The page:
Biden Administration Green-Lights Third U.S. Offshore Wind Farm

Ocean Wind 1
The first monopile for Ocean Wind 1 is already complete (EEW)

Published Jul 5, 2023 10:58 PM by The Maritime Executive

The Biden Administration has given the green light for development of the Ocean Wind 1 offshore wind farm, marking the third project approval of its kind in U.S. waters. 

Ocean Wind 1 is a large offshore wind farm proposal located about 13 nautical miles off the coast of Middle Township, New Jersey, towards the state's southernmost tip. At full buildout it will have a capacity of 2.2 GW, making it the largest offshore wind farm in the United States and the largest producer of wind power (onshore or off) in New Jersey. It was a joint venture between Orsted and New Jersey utility company PSEG until January, when PSEG sold its 25 percent stake and the development became solely owned by Orsted. PSEG cited the need for an "optimized tax structure" for the project's partners.

The Bureau of Ocean Energy Management (BOEM) has approved Ocean Wind's construction and operations plan (COP), the final permitting hurdle before buildout. 

“Ocean Wind 1 represents another significant step forward for the offshore wind industry in the United States," said BOEM Director Elizabeth Klein. "The project's approval demonstrates the federal government's commitment to developing clean energy and fighting climate change and is a testament to the State of New Jersey's leadership."

Orsted may have been confident in receiving federal approval, because the first steel monopile foundation for Ocean Wind 1 was constructed before the White House announcement. Turbine structure builder EEW delivered the first of 98 monopiles for Ocean Wind at its Paulsboro, New Jersey factory on July 3, two days before the White House formally authorized the project.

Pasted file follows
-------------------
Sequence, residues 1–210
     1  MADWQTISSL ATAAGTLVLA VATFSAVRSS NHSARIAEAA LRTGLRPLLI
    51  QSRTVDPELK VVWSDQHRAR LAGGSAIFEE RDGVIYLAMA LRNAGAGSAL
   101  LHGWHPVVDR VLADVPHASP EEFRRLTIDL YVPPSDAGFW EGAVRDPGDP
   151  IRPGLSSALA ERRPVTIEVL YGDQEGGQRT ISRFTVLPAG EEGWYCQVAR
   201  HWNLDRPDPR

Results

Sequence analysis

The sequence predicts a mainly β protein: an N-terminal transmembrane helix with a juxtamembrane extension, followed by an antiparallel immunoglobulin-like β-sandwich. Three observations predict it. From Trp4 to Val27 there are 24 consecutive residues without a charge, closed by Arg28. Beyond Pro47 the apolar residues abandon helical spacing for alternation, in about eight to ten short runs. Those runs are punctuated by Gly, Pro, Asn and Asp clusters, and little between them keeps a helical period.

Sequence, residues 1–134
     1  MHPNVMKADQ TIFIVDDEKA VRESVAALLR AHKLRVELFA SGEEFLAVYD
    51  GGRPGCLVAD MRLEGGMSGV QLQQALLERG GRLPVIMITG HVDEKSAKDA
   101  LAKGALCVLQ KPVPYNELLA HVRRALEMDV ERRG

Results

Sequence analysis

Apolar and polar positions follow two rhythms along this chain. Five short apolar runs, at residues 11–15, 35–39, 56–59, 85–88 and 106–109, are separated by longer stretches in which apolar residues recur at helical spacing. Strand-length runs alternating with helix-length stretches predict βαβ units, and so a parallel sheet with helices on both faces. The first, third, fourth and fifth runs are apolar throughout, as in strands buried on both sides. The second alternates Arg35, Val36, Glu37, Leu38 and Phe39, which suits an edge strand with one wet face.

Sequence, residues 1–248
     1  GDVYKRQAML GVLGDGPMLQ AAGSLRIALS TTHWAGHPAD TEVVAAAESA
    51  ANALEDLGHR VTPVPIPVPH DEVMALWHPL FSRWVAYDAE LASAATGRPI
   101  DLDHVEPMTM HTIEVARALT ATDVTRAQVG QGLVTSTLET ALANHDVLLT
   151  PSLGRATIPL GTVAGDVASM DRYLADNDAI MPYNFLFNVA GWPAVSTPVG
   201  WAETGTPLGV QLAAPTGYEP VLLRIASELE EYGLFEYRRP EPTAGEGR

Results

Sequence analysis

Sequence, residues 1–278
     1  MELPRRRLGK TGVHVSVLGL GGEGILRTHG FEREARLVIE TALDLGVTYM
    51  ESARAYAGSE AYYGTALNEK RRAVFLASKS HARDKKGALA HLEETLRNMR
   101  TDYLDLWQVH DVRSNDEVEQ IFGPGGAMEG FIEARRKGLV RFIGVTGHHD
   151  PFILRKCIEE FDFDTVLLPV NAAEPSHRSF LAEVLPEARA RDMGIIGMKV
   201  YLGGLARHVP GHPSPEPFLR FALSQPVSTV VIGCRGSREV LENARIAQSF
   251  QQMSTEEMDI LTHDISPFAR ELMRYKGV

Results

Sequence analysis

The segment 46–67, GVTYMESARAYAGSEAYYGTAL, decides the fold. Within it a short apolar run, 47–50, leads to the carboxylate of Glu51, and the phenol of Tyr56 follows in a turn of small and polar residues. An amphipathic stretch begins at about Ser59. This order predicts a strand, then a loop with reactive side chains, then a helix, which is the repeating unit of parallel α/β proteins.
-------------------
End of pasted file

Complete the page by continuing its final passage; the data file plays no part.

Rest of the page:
Ocean Wind 1 is the third project of its kind fully approved for development in federal waters. The first two, Vineyard Wind and South Fork Wind, are already under construction. These projects are a small start towards the administration's midterm goal of 30 GW of offshore wind capacity by 2030. However, in a changing market environment, the assumptions underlying that goal are coming into question. Wind developers on both sides of the Atlantic are grappling with cost hikes in the supply chain, which are weighing on the outlook for development plans made before the pandemic. 

In recent months, developers of some of the largest U.S. offshore wind projects have called for renegotiation or termination of their power purchase agreements (PPAs), the state-regulated contracts that govern the sale price of their electricity output. These PPAs were negotiated in a different era and do not provide a profit margin under current conditions, the developers argue. The Shell / Engie / EDP joint venture SouthCoast Wind has filed a request with the state of Rhode Island to renegotiate its PPA, saying that the current terms are "not economic, in light of significant inflation, supply chain and financing cost increases." The BP / Equinor joint venture Empire Wind, located on the approaches to New York Harbor, has filed a similar request to renegotiate, pointing to "rampant inflation, global supply chain disruptions and soaring interest rates."